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I'm still experimenting with core.async and trying to build a small system with it. I've never used in-process queues much before (when I used queues it was mostly for inter-process communication, e.g. RabbitMQ). What would you say are the benefits of using core.async channels vs. something like built-in JDK queue implementations? Is there anything in particular that stands out? On the other hand, something you miss? (I mentioned monitoring above, but maybe things like durability, etc.)


as far as I know the only real advantage that the channels have over the builtin queues is that the channels are integrated into core async.


some potentially interesting videos if you haven't seen them: this is before core.async this is talking about core.async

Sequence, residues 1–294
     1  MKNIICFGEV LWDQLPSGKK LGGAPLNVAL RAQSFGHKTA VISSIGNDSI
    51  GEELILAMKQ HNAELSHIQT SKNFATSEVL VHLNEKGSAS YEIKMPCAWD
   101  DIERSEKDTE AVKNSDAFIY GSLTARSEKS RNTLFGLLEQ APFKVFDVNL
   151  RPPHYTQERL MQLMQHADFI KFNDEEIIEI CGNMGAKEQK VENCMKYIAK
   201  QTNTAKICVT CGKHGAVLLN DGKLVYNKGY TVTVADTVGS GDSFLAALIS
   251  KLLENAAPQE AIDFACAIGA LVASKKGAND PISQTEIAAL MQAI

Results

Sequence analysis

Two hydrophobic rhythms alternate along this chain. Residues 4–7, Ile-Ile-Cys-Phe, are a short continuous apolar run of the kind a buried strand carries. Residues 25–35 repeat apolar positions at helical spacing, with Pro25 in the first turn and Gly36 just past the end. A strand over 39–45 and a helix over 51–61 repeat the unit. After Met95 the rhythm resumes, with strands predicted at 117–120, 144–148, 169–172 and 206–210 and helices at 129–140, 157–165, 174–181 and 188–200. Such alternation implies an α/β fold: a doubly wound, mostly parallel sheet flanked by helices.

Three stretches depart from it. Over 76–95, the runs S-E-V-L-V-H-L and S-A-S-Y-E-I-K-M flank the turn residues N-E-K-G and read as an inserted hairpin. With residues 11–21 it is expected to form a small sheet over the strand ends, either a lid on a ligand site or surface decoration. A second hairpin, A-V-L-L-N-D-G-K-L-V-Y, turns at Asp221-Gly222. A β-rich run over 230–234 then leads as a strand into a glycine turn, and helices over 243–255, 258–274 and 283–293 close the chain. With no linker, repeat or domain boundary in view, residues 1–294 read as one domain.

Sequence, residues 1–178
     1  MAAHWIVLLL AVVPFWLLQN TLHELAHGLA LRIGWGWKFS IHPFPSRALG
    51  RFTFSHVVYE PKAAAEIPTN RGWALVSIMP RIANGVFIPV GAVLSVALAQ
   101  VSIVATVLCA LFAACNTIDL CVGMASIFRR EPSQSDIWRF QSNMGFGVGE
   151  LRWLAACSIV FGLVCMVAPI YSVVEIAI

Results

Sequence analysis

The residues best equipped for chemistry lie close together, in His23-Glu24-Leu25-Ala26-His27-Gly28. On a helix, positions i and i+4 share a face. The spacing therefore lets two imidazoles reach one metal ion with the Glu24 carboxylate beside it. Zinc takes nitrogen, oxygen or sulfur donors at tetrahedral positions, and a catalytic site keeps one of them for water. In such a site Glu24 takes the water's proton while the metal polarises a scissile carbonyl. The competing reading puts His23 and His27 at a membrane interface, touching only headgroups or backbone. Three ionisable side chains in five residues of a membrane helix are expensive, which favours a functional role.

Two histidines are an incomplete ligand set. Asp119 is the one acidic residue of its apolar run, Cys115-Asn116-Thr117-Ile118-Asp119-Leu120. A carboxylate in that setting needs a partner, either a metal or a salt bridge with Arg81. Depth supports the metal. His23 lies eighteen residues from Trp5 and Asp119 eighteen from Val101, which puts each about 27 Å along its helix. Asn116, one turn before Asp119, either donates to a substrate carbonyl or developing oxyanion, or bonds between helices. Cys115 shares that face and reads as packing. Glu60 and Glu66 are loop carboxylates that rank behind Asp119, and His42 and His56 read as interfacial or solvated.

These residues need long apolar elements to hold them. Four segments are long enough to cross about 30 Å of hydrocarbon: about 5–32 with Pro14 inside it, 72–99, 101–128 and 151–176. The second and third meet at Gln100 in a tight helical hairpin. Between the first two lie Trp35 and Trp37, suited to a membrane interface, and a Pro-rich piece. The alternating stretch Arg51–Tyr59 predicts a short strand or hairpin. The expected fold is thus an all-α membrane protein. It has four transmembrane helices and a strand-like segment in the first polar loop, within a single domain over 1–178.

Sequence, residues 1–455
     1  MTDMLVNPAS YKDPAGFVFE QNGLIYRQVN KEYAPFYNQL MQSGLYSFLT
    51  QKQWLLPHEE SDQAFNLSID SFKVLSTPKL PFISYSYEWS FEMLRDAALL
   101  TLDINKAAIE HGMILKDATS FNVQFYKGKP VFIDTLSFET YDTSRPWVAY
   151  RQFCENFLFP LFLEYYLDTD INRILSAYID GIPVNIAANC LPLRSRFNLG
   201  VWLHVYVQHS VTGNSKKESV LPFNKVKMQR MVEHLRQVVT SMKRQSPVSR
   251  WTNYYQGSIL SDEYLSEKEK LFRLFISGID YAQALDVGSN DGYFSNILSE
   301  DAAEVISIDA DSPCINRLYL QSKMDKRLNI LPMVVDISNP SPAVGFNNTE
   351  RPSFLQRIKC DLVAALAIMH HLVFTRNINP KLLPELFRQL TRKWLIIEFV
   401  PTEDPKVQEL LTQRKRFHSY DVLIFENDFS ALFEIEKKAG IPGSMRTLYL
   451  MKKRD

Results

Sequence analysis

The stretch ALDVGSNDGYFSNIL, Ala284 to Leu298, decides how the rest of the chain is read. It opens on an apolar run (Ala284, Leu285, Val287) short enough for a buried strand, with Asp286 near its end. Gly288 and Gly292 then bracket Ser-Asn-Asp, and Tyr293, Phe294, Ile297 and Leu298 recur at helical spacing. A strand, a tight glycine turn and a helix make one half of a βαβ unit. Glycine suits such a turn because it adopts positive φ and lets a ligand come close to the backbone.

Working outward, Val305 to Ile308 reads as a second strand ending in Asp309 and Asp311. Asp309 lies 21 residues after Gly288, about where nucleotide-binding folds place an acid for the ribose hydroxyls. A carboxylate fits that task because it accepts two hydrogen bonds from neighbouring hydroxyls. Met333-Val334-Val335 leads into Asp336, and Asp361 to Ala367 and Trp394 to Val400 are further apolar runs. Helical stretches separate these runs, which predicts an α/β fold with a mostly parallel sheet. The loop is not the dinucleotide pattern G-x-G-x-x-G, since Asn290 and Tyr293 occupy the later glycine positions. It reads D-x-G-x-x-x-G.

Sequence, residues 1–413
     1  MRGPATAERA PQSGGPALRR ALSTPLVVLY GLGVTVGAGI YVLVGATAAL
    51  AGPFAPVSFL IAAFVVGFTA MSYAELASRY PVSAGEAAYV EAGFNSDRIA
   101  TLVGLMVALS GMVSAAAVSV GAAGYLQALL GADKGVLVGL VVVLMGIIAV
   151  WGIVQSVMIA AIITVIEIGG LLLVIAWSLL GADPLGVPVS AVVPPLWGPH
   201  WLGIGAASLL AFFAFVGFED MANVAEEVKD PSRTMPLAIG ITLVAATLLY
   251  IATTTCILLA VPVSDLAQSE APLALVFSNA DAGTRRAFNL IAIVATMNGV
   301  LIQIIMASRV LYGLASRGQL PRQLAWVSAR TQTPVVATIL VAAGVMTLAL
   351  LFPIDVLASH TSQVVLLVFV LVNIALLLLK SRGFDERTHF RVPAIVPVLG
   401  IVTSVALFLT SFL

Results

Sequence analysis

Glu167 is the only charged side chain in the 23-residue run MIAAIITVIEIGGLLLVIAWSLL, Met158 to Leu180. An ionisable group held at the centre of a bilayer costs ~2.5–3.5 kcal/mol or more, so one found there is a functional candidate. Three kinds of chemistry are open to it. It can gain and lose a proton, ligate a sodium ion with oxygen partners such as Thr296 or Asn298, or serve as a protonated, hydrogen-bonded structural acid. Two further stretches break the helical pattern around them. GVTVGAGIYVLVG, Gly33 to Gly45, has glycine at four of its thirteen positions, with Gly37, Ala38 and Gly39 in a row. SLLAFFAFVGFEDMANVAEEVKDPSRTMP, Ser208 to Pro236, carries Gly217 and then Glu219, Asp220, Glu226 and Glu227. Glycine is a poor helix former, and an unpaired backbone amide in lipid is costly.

I don't remember which of those talks it is but I'm pretty sure in one of those talks, Rich Hickey says that the builtin java queues are great


I guess another advantage of channels is that they support transducers


channels are also a more useful abstraction for "I want to block this thread while waiting to receive on this channel" when you're doing async work. some of the Go (language) channel talks by Rob Pike are relevant here as well, since the design and intent core.async is close to Go's goroutines and channels (though the underlying runtime and language are obviously very different)


there's also built-in flow control for it. in Go this would be the select {} statement and in core.async this would be alts! or alts!!


if you want to do flow control over popping multiple queues, you need to write that yourself.


channels can also be used for synchronization between go blocks with blocking puts and blocking takes


ah, yeah alts is really nice